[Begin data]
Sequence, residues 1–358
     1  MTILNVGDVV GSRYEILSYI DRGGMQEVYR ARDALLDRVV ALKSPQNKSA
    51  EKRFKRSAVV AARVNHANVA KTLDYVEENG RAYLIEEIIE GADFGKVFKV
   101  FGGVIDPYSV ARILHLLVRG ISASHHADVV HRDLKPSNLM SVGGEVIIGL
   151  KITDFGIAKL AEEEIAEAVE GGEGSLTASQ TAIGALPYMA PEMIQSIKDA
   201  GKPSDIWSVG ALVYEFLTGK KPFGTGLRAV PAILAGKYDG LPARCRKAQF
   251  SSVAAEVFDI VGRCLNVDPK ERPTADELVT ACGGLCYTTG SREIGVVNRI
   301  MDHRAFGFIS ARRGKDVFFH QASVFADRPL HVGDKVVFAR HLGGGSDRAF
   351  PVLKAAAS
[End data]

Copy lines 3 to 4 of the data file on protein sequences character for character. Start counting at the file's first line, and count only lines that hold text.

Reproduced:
    51  EKRFKRSAVV AARVNHANVA KTLDYVEENG RAYLIEEIIE GADFGKVFKV
   101  FGGVIDPYSV ARILHLLVRG ISASHHADVV HRDLKPSNLM SVGGEVIIGL